Drive Seeks to Put Spotlight on Ehrlich
Memo Asks State Agencies to Join In
By Matthew Mosk
Washington Post Staff Writer
Sunday, June 27, 2004; Page C04
Maryland Gov. Robert L. Ehrlich Jr.'s communications director is launching a strategic marketing campaign aimed at bringing "maximum exposure" to the governor and his programs, according to a memo sent to dozens of state employees.
Communications Director Paul E. Schurick's memo Tuesday said the effort is in its fledgling stages but will call on public information officers for every state agency to "help deliver a coordinated message."
It will involve a more aggressive schedule of public appearances for Ehrlich (R) and will build on such recent marketing efforts as a $1.4 million advertising blitz for the state's tourism office that featured Ehrlich in a tool belt, offering to help a couple install a ceiling fan in their living room.
"Do other governors go this far?" Ehrlich asks as he climbs a ladder and works on the fan in the ad that aired in neighboring states and on cable television in Maryland. "I think not."
Schurick predicts that the result will be "a statewide communications and marketing structure unlike any this or, to my knowledge, any other state has attempted."
The effort, according to political science professors familiar with the memo, indicates that Ehrlich is starting to make use of his office to build the foundation for a 2006 re-election campaign.
"He's doing what all successful governors do, which is to capitalize on his position to get the message out," said James Gimpel, an associate professor of government at the University of Maryland. "To me, it sounds like he's made a plain political calculation that he's going to have to start early and generate some momentum for a very tough re-election bid."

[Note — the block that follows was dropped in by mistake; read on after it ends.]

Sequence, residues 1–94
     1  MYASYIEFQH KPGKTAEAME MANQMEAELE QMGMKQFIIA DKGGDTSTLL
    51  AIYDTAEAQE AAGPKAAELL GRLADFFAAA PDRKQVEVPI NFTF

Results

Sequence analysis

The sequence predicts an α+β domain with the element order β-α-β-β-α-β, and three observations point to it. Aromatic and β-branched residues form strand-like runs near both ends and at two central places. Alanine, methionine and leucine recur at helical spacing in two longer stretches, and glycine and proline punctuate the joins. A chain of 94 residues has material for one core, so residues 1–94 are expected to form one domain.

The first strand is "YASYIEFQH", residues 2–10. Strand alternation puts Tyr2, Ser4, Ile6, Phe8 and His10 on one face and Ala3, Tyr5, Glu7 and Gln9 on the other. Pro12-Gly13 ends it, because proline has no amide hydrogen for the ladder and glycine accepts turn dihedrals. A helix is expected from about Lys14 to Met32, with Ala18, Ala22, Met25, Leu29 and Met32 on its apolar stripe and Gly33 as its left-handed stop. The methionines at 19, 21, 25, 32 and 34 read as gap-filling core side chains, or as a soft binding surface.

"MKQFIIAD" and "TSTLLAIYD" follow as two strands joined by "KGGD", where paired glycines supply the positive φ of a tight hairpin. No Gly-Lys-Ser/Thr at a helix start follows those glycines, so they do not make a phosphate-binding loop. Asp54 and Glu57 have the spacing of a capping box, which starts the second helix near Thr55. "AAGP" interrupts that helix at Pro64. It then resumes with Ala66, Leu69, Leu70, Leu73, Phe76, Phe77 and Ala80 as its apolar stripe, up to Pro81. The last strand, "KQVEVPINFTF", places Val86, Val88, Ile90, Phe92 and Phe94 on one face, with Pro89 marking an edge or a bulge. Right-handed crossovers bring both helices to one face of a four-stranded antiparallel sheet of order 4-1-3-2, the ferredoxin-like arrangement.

Donald F. Norris, a political science professor from the University of Maryland Baltimore County, agreed. "I'd be surprised if they weren't doing that," he said.
Norris does, however, question the use of the state's vast contingent of department-level public information officers, who were all recipients of the memo.
"Anything that comes out of the governor's office is going to be political, and we expect that," Norris said. "What we don't expect is that the departments of state government will be used as a PR tool for the governor. That's the line. That's where I'd draw it."
The memo is the latest evidence of Ehrlich's growing comfort with the political advantages afforded by incumbency -- an edge that will be crucial as he seeks to again win over an electorate in which registered Democrats outnumber Republicans almost 2 to 1.
The governor showed he had an eye for such opportunities last month, when he broke from the tradition of signing new legislation in the State House and instead asked legislative leaders to the signing of his Chesapeake Bay restoration bill on a tall ship moored in the Annapolis Harbor. The ceremony had all the markings of a campaign appearance, with live orchestra music, American flags flapping in the breeze and children brought from a nearby Catholic school, in uniform, to pose with the governor.
A professional camera crew was on hand to film the event, and the director at the scene, Doug Dubin, said his team was hired by Ed Blakely. Blakely, 61, is a former Alexandria advertising executive hired last year by the Ehrlich administration and named in Schurick's memo as the governor's head of "strategic communications," a new position.
Blakely, according to the Schurick memo, is an expert at "branding and strategic communications" and is coordinating the effort to "identify opportunities to create promotional events with the governor."
© 2004 The Washington Post Company